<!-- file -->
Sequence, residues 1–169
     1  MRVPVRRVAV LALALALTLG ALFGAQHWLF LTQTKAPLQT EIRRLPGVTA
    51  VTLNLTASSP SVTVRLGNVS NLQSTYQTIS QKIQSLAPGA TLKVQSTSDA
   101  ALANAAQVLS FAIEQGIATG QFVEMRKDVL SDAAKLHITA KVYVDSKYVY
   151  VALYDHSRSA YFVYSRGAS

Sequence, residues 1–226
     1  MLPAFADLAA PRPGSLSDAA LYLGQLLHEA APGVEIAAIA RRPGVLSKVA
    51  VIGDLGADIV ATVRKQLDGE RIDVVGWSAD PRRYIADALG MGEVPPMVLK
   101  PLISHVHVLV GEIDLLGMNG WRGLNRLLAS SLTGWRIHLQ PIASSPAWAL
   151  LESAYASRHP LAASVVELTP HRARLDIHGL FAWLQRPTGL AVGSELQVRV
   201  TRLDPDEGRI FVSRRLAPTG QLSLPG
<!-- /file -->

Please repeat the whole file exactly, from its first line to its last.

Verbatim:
Sequence, residues 1–169
     1  MRVPVRRVAV LALALALTLG ALFGAQHWLF LTQTKAPLQT EIRRLPGVTA
    51  VTLNLTASSP SVTVRLGNVS NLQSTYQTIS QKIQSLAPGA TLKVQSTSDA
   101  ALANAAQVLS FAIEQGIATG QFVEMRKDVL SDAAKLHITA KVYVDSKYVY
   151  VALYDHSRSA YFVYSRGAS

Sequence, residues 1–226
     1  MLPAFADLAA PRPGSLSDAA LYLGQLLHEA APGVEIAAIA RRPGVLSKVA
    51  VIGDLGADIV ATVRKQLDGE RIDVVGWSAD PRRYIADALG MGEVPPMVLK
   101  PLISHVHVLV GEIDLLGMNG WRGLNRLLAS SLTGWRIHLQ PIASSPAWAL
   151  LESAYASRHP LAASVVELTP HRARLDIHGL FAWLQRPTGL AVGSELQVRV
   201  TRLDPDEGRI FVSRRLAPTG QLSLPG